Precisely targeting the subject requires tremendous focus and finesse!

With our little friend now settled in to his temporary apartment, I quickly got online and researched proper food for robins.  I believe most everyone associates robins with eating worms.  I discovered, however, they can also be fed egg yolks, dog food soaked in water, and berries of all sorts.  Learning this, I hard-boiled a couple of eggs, soaked some of the Chindrin’s small-bites dog food, and chopped up a few blueberries.  Our little friend liked the egg yolks and blueberries, but I couldn’t blame him for turning up his beak at the mushy dog food.  I must say, it did look quite gross!

The article I read also mentioned offering other invertebrates, including grasshoppers, as food.  Goodness knows we have plenty of those around the place lately.  So off to the yard FD and I went with our kiddie-sized butterfly nets, hoping to scare up more food for our friend.  Our efforts quickly produced about a dozen grasshoppers of assorted sizes, which our little guest loved having for his dinner!

I daresay I won’t find too many opportunities to photograph FD with a butterfly net!! Priceless!

This morning, I vowed to try to dig up some worms, though I was not too sure how successful I would be since the drought had likely driven the worms deep into the soil and made them scarce by now.  I went to the garden, and after digging to the point my back was begging me to stop and my body was sweating profusely, I had only managed to uncover seven small grubs.  I was pretty sure the robin would enjoy them, but they were not going to provide near enough food to get him through the day.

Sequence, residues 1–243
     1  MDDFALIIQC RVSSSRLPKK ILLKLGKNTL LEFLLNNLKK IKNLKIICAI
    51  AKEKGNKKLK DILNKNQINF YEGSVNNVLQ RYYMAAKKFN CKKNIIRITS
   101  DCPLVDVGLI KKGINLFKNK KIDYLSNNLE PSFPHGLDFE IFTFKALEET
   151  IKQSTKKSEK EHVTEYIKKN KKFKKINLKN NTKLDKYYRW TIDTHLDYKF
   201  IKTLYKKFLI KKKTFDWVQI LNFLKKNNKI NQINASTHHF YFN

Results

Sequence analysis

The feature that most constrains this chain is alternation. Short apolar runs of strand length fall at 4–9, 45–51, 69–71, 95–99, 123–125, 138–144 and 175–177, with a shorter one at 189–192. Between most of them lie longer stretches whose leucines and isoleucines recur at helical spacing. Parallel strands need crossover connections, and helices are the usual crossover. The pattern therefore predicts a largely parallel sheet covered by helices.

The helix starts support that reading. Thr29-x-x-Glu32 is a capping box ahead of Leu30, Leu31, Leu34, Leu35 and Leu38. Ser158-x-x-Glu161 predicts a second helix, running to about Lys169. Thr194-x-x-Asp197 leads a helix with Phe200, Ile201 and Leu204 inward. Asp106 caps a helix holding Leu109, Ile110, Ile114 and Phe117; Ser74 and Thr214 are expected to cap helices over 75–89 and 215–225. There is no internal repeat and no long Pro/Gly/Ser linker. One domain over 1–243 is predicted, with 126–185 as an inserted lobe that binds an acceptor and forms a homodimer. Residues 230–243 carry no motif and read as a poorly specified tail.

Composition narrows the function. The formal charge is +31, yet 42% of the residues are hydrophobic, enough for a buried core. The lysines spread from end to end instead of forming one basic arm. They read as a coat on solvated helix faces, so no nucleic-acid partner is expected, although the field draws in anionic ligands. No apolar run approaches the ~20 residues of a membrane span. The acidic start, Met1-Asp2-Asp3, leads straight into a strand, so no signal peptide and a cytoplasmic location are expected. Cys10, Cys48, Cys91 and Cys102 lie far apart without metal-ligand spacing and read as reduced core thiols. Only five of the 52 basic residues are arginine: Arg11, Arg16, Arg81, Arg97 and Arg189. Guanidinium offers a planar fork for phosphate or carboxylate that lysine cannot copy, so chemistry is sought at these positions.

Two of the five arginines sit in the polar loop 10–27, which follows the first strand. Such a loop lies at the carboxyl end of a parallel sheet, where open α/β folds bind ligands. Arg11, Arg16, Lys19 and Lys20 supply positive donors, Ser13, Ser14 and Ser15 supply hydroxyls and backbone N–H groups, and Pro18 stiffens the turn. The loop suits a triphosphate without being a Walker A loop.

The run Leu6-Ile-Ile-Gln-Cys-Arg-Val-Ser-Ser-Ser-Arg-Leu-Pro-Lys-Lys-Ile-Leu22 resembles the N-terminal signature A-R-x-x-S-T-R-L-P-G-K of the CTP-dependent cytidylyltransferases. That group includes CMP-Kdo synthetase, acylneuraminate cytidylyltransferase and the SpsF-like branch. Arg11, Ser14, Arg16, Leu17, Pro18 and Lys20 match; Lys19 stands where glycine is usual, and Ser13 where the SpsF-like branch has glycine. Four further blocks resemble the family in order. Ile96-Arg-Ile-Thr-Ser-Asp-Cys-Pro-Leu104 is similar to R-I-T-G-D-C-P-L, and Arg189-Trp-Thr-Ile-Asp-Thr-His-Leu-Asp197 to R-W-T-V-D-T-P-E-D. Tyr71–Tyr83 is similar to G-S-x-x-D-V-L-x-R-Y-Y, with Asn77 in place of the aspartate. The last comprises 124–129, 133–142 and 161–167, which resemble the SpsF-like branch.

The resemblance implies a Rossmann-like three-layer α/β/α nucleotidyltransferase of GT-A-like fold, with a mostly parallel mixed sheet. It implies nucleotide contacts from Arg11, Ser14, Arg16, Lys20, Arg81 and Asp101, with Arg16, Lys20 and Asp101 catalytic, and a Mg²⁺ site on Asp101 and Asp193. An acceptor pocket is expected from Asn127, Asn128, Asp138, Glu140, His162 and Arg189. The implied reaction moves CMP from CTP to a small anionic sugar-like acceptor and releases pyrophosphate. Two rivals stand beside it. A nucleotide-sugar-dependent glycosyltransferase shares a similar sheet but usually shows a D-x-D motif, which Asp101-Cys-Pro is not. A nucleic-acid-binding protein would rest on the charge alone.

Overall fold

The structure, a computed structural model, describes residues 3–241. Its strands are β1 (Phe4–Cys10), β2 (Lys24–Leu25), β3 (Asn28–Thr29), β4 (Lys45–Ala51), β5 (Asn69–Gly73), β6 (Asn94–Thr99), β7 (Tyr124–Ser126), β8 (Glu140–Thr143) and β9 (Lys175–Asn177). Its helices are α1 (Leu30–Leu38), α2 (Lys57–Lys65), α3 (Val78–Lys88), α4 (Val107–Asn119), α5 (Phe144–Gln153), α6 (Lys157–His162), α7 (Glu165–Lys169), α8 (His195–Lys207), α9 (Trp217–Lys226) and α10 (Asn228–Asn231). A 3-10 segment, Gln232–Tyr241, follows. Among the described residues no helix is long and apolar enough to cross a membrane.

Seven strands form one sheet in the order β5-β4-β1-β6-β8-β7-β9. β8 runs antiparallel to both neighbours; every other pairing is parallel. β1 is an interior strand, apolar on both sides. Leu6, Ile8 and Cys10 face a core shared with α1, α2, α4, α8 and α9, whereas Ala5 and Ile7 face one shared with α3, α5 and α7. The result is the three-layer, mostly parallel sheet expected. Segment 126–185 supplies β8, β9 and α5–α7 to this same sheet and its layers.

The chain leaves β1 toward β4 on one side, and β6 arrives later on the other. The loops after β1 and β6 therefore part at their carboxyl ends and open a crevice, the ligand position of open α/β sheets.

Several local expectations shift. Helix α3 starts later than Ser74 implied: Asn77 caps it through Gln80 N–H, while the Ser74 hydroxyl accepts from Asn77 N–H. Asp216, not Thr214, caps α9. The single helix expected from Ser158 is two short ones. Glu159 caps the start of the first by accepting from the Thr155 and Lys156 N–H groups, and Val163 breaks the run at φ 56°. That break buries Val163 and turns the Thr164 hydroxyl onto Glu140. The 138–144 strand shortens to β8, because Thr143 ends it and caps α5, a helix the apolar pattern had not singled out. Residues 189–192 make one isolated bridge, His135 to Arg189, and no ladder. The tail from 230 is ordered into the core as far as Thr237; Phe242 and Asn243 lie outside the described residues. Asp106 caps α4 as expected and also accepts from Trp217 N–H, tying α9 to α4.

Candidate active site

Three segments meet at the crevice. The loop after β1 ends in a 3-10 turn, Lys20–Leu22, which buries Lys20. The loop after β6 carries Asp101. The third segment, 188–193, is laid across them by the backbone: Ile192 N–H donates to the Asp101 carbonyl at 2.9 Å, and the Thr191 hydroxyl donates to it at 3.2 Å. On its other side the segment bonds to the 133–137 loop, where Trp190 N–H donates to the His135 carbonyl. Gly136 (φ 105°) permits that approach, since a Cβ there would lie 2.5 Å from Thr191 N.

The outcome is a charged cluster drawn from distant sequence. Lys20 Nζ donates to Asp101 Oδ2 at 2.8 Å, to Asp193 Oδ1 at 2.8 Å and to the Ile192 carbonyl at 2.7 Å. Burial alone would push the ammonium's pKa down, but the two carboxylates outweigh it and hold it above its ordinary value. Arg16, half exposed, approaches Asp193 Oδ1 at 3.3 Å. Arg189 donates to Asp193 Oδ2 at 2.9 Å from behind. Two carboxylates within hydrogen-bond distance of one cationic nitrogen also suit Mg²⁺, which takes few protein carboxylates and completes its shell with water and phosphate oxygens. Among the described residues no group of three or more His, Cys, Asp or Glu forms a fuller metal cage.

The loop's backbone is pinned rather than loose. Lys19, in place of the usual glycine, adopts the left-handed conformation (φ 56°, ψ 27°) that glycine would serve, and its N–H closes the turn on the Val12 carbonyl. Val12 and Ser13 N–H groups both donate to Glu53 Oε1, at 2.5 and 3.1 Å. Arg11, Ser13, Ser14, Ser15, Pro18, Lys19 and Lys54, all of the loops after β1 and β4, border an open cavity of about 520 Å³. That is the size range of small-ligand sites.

I brought the grubs in the house, put four of the writhing, white bodies on a paper plate and set them in the cage.  Much to my surprise and pleasure, they were completely gobbled up within about two minutes!  Obviously sporting a voracious appetite, my friend had eaten them much faster than I thought he would!  “Yikes!”, I thought, now I needed to find more.

So back to the garden I went, shovel in hand and a new determination at heart.  Unfortunately, I found only one more grub and zero worms.  As I walked  back to the house feeling rather dejected, I noticed my father-in-law feeding the chickens and stopped to tell him of my plight in seeking good eats for my injured friend.  He simply suggested, “Well, you might check that little country store just outside of town.  I think they have live bait there and you might find some worms”.  I was flabbergasted and, feeling a bit sheepish, wondered why I hadn’t thought of that.

On a new mission now, I finished moving a couple of sprinklers and headed in the house just in time to hear the phone ringing.  My father-in-law had already called the store and sure enough, they had worms.  I thanked him, grabbed my purse, and took the short drive out west of town to fetch some earthworms for my hungry little friend.

Zoe tries her talent at catching grasshoppers, but usually they end up mutilated and she’s unwilling to give up her prize! Ultimately, she’s not much help!

The plump delicacies I found at the country store were just what I needed and, at the cost of $2.97, I sure couldn’t complain.  Arriving home, I promptly dropped the first big, fat, squirming specimen in the cage and peeked around the corner of the sheet to observe.  I saw my friend staring back at me.  As with all of the other food I had placed in his cage, I could never manage to catch him eating it.  He seemed to be very private about eating his meals, so I waited a couple of minutes and peeked again.  This time, the worm was gone!